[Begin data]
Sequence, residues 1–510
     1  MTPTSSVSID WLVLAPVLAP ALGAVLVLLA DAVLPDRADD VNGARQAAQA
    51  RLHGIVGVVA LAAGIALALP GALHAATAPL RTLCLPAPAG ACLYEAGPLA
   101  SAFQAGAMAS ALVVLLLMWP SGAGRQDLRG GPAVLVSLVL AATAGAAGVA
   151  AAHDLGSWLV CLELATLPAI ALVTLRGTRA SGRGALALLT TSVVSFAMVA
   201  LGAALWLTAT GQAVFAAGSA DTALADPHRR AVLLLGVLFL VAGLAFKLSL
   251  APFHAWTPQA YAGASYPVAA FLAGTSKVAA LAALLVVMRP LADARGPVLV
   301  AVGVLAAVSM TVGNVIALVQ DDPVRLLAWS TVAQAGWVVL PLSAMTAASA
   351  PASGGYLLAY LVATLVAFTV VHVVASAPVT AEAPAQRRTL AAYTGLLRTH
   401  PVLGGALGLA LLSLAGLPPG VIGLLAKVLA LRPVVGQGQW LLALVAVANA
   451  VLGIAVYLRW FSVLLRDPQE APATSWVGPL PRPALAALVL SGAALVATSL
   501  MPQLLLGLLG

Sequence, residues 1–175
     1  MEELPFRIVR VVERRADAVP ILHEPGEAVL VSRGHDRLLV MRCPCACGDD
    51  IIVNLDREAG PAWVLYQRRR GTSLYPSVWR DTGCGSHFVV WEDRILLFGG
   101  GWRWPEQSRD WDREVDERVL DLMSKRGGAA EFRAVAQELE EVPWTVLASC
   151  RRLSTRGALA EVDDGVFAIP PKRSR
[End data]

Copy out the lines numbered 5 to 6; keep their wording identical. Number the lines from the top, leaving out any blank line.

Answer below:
   151  AAHDLGSWLV CLELATLPAI ALVTLRGTRA SGRGALALLT TSVVSFAMVA
   201  LGAALWLTAT GQAVFAAGSA DTALADPHRR AVLLLGVLFL VAGLAFKLSL